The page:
Lawyers hold court in the stands, on the field and in the citing room
The problem with lawyer jokes is that lawyers don't think they're funny, and other people don't think they're jokes.
Jokes aside, legal eagles who are a dab hand at rugby include 1991 World Cup-winning captain Nick Farr-Jones and All Black Conrad Smith.
Eric Rush and Francois Pienaar both did their bar exams and pupilage at the bar (to become barristers), although Pienaar ended up working as a banker and 'Rushie' as a solicitor.
Hong Kong has its own 'union of lawyers'. Rowan Varty, who has followed in the career footsteps of his mother (a barrister), was recently awarded a place at law firm Tanner De Witt.
Says partner Ian De Witt: 'We've kept a place open for Rowan. We've encouraged him to concentrate on his rugby career as long as he can, and then start his training contract with us.'
Tanner De Witt has a certain rugby bent. Signed rugby jerseys hang in the firm's reception area. Instead of the usual music on their phone system, songs of the Sevens liven up the on-hold time.
The legal fraternity was well represented in the stadium this weekend, including Holman Fenwick Willan's Pete Spizzirri. Apart from playing in the HKFC Tens this week, the Chicago-born loosehead prop is into his eighth year on the Hong Kong national 15s team. And he has his sights set on the Asian Five Nations.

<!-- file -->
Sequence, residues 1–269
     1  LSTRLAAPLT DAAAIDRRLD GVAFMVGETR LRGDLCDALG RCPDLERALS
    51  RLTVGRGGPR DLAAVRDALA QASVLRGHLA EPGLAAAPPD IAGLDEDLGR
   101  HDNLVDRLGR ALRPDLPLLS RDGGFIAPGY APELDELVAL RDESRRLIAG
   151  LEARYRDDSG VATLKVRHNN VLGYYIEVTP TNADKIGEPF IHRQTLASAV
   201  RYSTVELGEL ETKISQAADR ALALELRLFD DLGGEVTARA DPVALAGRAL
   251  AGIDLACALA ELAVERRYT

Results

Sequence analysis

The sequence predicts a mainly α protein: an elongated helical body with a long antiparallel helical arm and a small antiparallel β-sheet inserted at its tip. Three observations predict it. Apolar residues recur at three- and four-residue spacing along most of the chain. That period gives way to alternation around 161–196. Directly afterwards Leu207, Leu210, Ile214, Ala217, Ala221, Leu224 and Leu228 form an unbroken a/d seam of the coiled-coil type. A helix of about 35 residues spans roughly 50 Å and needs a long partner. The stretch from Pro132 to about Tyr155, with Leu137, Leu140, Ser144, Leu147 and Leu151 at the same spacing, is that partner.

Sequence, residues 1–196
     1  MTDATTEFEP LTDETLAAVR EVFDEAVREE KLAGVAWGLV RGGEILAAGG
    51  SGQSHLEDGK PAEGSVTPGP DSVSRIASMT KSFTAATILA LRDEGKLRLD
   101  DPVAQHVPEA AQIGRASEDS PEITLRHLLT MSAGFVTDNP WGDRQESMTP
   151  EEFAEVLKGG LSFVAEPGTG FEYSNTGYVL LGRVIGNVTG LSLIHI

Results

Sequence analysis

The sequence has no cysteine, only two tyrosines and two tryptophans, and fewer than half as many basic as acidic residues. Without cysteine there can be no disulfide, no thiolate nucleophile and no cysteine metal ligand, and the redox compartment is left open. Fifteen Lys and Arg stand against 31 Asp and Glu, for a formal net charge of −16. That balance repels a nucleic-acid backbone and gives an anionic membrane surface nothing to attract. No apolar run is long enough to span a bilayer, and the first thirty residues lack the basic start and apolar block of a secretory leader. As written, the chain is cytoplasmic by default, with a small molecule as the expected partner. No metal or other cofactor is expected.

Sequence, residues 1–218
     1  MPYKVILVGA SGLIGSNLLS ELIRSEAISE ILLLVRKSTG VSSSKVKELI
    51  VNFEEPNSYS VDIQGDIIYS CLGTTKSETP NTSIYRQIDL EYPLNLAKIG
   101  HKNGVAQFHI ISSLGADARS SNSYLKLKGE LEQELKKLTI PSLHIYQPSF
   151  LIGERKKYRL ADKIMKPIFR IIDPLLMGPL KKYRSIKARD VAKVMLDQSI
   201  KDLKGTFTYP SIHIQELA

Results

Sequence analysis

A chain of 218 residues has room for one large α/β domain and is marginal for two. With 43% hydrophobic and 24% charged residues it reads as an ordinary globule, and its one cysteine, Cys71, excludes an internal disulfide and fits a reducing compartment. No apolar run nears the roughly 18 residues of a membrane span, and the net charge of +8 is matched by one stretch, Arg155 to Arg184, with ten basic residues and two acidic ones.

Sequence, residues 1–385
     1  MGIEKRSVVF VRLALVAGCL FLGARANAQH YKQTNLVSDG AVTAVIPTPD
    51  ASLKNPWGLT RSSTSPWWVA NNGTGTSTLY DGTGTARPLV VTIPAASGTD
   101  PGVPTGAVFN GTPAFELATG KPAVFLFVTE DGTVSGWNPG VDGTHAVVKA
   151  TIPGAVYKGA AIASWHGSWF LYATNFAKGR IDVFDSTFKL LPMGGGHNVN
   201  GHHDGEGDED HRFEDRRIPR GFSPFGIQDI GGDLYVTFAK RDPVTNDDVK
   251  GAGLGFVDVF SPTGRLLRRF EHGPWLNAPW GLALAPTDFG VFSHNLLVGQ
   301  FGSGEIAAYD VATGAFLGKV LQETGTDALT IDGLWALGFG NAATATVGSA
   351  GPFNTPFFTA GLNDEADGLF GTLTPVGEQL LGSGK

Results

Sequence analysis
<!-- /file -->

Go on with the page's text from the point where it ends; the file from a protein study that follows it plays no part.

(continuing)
Minter Ellison's head of infrastructure practice Sam Farrands was over in the Leighton Asia box on the west side. The veteran of the Clean Half (a 15km swimming race from Shek O to Deepwater Bay) was swimming in a sea of gold shirts worn by Hamish Tyrwhitt and managing director Ian Edwards, executive general manager and the Leighton team.
Some firms prove that the legal world can be altruistic. Tanner De Witt sponsors an orphanage in the Philippines and helps street children, as well as contributing to the Philippine Rugby Board. Herbert Smith sponsors the HKCC rugby section.
Holding up the law fraternity's presence in the South Stand this year, Hannah Munns, an associate for Maples and Calder, was among the Valley 'Black Ladies' RFC dressed as construction workers.
New Zealander Peter Duncan, a former head of the HKRFU, is a barrister who has lived in Hong Kong for more than 25 years. 'This weekend, I'm on duty as the tournament's judicial officer - just in case there are any citings for foul play. Tournaments of this calibre now have a disciplinary process available.'